The Chinese and Russian aviation industries have been working on the CR-929 widebody for years already. But is this partnership already over?
Both Russia and China have been trying to introduce new airliners to the aviation industry. With Boeing and Airbus effectively holding a duopoly in medium and large jets, many saw Chinese and Russian input as a positive. But it’s not that simple. China has essentially built aircraft only for its own market, so far. Russia has exported Sukhoi SuperJets with mixed results, in terms of support.
The CR-929 is an effort for the Russian and Chinese aircraft manufacturers to challenge existing options in the widebody market. Individually, Russia’s UAC (and its subsidiary, Irkut) and China’s COMAC are working on the MS-21 and C919 respectively. These are single-aisle aircraft, in the 737 – A320 category.
While UAC and COMAC are competitors in the single-aisle market, they decided to combine forces for the larger jet. Discussions between Russian and Chinese companies on what became the CR929 started around a decade ago. But the official “go-ahead” for the project finally came only in January last year. In various presentations and mockups, the plane looks like a mix of Boeing’s 787 and the Airbus A350.
The Post-Invasion Environment
Then came Russia’s war on Ukraine and a wide variety of sanctions. In these conditions, you may think that the Russian aviation industry would have all the more reasons to work closer with the Chinese on the CR-929. But there are a few problems with this theory. As we previously explained, the potential routes for such a large aircraft, in the present environment, are quite limited.
Unless countries worldwide lift sanctions on Russian airlines, the CR-929 would have few places to travel to – from Russia. And even Chinese operators would need to certify an aircraft with at least some Russian components. This could be something that a number of aviation authorities elsewhere could take issue with. Such concerns could worry the Chinese side, in particular. Also, the aircraft’s design presently relies on western avionics and other systems.
But there are other practical problems in the CR-929 partnership and they come from the Russian side. We have previously looked at the matter of technology transfer in Chinese aviation projects. For one thing, COMAC’s first aircraft, the ARJ-21, has more than a passing resemblance with the MD-95, which was once made under license in China.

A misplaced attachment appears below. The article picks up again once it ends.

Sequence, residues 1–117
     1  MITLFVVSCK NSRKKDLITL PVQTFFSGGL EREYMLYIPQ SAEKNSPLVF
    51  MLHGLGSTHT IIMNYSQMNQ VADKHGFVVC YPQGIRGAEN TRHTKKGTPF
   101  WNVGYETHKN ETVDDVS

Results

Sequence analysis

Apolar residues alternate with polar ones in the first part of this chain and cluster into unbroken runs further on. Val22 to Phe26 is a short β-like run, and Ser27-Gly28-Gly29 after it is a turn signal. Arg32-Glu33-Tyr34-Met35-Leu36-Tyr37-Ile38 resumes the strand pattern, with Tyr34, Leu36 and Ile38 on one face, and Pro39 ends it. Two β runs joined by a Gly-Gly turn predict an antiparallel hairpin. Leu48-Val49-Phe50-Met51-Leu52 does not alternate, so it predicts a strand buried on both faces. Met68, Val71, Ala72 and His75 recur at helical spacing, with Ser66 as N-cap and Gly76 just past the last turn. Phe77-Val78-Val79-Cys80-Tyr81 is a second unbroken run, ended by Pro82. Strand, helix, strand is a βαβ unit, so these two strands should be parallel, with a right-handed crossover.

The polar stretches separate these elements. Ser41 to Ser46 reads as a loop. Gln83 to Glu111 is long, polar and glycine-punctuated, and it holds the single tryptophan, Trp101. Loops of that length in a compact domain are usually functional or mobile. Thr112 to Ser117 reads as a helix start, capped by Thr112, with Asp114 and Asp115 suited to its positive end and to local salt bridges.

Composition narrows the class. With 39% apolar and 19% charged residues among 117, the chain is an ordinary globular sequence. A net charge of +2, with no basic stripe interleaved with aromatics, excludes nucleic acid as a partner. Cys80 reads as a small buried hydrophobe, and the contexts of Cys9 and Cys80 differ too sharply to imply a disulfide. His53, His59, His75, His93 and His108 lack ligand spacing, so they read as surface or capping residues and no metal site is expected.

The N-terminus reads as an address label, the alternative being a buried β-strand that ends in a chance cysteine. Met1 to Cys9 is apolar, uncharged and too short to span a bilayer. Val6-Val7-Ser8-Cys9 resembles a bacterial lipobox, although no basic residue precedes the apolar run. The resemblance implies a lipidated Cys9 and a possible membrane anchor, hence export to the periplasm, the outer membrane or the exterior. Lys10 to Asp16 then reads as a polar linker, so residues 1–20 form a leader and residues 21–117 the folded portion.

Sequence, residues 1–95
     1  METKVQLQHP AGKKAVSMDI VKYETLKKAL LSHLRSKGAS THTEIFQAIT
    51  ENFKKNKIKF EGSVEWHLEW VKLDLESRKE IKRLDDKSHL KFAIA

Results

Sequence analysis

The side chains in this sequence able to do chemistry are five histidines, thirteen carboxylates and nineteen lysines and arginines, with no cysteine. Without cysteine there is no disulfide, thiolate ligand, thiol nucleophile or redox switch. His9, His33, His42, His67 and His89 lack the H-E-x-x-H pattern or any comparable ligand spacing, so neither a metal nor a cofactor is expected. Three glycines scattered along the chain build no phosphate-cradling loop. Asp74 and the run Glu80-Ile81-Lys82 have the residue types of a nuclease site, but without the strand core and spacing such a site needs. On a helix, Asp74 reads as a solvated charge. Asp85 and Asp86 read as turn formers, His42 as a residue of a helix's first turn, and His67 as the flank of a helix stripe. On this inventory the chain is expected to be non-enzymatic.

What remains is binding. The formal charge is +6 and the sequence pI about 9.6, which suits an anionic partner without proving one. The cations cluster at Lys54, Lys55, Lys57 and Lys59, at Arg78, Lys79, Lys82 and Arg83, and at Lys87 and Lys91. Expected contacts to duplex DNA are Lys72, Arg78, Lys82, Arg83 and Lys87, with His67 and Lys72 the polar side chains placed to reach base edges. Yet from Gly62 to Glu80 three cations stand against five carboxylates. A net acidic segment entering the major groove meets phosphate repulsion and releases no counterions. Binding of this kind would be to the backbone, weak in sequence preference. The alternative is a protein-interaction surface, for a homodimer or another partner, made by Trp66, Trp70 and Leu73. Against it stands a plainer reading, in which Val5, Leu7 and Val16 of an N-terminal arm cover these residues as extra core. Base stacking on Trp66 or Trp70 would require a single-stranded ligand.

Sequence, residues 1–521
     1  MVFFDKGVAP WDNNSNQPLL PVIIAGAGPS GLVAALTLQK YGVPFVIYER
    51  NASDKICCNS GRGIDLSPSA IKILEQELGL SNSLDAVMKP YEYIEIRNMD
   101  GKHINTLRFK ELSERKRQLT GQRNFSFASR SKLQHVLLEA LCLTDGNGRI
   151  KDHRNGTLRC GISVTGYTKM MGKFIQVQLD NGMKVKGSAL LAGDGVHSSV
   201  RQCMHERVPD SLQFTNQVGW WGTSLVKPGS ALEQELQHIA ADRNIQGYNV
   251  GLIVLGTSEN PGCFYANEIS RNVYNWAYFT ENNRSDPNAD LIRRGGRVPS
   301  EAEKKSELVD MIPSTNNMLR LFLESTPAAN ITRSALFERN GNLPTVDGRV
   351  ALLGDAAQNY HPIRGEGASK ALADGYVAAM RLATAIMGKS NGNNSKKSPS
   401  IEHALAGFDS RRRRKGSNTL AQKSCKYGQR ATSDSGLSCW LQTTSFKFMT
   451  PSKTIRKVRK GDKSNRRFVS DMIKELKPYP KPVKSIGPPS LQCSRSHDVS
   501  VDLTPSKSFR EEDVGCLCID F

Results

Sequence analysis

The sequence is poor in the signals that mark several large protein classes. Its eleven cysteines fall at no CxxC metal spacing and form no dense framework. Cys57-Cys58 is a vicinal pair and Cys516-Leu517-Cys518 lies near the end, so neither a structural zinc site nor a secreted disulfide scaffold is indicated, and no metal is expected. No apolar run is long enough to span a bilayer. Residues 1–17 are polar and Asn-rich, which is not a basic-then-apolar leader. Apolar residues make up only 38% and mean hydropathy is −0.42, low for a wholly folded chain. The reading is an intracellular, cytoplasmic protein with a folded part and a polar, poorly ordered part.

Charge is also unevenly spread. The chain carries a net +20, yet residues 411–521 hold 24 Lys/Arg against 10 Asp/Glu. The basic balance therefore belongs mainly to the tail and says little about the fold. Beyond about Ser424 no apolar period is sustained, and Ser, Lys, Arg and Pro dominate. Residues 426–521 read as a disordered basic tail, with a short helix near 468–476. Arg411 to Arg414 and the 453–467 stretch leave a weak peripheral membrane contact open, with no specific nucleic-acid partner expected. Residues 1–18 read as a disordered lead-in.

Russian Technology And The CR-929
Simplistically speaking, in the CR-929 partnership, the Russian side would provide its aviation know-how. China would bring in its resources in materials and manufacturing. This isn’t an entirely comfortable situation for Russia – to put it mildly. For instance, many analysts believe that Russia’s MS-21 (MC-21 in the Cyrillic alphabet) is a superior design to China’s C919. The Russian aircraft is all-composite, with an out-of-autoclave wing and wing box, while the C919 is a heavier A320.
So according to recent reports, the Russian side of the CR-929 partnership is considering its withdrawal from the project, because of technology transfer concerns. As a practical matter, it is also likely that given the limited utility of such an aircraft in the current political climate, Russia sees little gain from “surrendering” its technology.
More worryingly for Russia, analysts in the country believe that Chinese hackers have attacked Russian tech companies. And in a related development, authorities in Russia have arrested two spies who supplied technology secrets to China. This mirrors previous investigations AND arrests in the United States, for espionage of US suppliers to the C919 program.
The Russian contribution to the CR-929 would include the engines, aerodynamic testing, and composites. If its partner leaves the project, China’s COMAC could continue alone. After all, the CR-929 originally started out in the conceptual stage as the COMAC C929. But making these advances in composites and design would delay the program’s entry into service considerably. China’s engine program also lags substantially behind Russia’s.
Spyros Georgilidakis has degrees in Business Enterprise and Management. He has 14 years of experience in the hospitality and travel industries, along with a passion for all-things-aviation and travel logistics. He is also an experienced writer and editor for on-line publications, and a licensed professional drone pilot.